Urinary excretion of a variety of quaternary ammonium glucuronides has been generally reported to be confined to humans and some monkeys. Lower animal species appear to lack or have limited ability to form these unusual metabolites. In this report, the excretion of the quaternary ammonium glucuronide of lamotrigine, an investigational 1,2,4-triazine anticonvulsant, in guinea pigs is described. Lamotrigine 2-N-glucuronide accounted for 60% of an iv bolus dose of lamotrigine in guinea pig urine. Less than 6% of the dose was excreted unchanged. The pharmacokinetics of lamotrigine after an iv bolus dose of 10 mg/kg were determined with an ion-pairing, reversed-phase HPLC assay. Lamotrigine is a low clearance drug (Cl = 2.51 ± 0.063 ml/min/kg) with a large volume of distribution (V(ss) = 2.23 ± 0.403 liter/kg). The half-life of lamotrigine was 11.5 ± 2.0 hr. The elimination of the glucuronide was formation rate-limited and it was excreted by extensive tubular secretion. The glucuronide was also formed in Triton-X-100-activated liver microsomes and isolated guinea pig hepatocytes. The K(M) was 2.10 ± 0.44 mM and the V(max) was 0.252 ± 0.0312 nmol/min/mg protein in untreated microsomes. Pretreatment with β-naphthoflavone did not induce lamotrigine glucuronidation. In hepatocytes, production of the glucuronide was linear for 60 min after a short lag period and 2 mM lamotrigine was not cytotoxic. Lamotrigine is only the second example of a compound that is primarily metabolized to a quaternary ammonium glucuronide in a lower animal species.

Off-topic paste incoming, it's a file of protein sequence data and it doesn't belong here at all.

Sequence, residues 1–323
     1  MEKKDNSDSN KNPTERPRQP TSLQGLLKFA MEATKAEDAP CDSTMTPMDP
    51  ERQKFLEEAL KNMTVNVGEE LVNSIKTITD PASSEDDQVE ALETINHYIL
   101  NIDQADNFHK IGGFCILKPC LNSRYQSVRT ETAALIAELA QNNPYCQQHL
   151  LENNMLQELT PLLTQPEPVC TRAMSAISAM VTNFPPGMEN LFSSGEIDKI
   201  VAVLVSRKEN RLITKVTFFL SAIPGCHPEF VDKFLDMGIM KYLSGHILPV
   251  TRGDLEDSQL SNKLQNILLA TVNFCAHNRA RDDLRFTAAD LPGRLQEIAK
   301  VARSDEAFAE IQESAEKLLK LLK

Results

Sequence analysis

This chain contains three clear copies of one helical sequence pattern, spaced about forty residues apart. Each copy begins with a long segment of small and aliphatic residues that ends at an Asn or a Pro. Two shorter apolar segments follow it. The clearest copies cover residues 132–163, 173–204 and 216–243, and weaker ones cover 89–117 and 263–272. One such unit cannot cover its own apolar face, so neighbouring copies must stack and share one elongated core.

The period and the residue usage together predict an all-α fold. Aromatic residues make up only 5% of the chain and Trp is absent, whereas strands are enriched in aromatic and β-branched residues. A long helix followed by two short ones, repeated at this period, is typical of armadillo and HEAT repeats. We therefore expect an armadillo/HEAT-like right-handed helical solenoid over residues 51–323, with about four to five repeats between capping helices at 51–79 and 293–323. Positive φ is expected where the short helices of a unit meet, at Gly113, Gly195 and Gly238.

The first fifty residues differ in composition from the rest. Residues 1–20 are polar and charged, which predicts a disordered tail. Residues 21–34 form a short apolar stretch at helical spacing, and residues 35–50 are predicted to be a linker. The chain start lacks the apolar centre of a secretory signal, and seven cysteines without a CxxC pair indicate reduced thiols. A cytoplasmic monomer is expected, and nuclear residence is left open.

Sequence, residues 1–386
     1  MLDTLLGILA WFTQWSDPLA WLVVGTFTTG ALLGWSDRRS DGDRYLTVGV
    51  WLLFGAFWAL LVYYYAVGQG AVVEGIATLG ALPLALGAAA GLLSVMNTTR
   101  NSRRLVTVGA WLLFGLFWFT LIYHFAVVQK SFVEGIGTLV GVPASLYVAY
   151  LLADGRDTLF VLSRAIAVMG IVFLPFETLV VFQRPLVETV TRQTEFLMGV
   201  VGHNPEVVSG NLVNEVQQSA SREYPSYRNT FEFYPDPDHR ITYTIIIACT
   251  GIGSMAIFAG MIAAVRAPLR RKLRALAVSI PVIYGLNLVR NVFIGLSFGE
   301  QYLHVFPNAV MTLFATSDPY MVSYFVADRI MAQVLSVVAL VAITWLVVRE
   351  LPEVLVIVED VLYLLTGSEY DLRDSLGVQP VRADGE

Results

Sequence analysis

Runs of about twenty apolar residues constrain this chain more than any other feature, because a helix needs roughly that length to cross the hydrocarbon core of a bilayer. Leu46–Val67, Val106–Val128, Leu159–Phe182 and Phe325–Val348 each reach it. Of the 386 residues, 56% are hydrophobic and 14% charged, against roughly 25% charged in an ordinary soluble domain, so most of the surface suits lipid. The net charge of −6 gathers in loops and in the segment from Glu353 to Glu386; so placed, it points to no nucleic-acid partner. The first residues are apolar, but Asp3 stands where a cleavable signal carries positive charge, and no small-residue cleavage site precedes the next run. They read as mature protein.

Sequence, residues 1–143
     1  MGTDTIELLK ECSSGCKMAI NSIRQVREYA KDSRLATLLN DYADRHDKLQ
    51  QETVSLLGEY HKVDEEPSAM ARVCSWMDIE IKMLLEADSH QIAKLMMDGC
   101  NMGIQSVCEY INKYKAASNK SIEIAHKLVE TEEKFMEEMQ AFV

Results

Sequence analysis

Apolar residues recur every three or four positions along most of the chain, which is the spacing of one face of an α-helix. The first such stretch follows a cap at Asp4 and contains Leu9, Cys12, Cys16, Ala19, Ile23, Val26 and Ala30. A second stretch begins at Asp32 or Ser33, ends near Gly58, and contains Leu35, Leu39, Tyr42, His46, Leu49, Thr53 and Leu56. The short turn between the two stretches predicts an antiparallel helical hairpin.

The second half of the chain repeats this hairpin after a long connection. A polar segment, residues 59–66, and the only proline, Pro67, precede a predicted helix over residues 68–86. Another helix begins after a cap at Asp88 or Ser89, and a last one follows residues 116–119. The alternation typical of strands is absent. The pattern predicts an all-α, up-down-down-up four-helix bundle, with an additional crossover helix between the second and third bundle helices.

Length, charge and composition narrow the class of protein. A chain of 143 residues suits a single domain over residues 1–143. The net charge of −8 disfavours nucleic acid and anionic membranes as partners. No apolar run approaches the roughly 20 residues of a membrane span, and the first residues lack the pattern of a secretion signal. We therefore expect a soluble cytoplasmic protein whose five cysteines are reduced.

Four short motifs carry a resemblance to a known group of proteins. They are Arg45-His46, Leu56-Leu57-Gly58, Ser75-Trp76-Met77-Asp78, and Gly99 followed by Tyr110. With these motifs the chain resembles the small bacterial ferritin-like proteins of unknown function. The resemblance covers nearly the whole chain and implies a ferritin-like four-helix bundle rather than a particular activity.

|Original language||English (US)|
|Number of pages||7|
|Journal||Drug Metabolism and Disposition|
|State||Published - Jun 24 1991|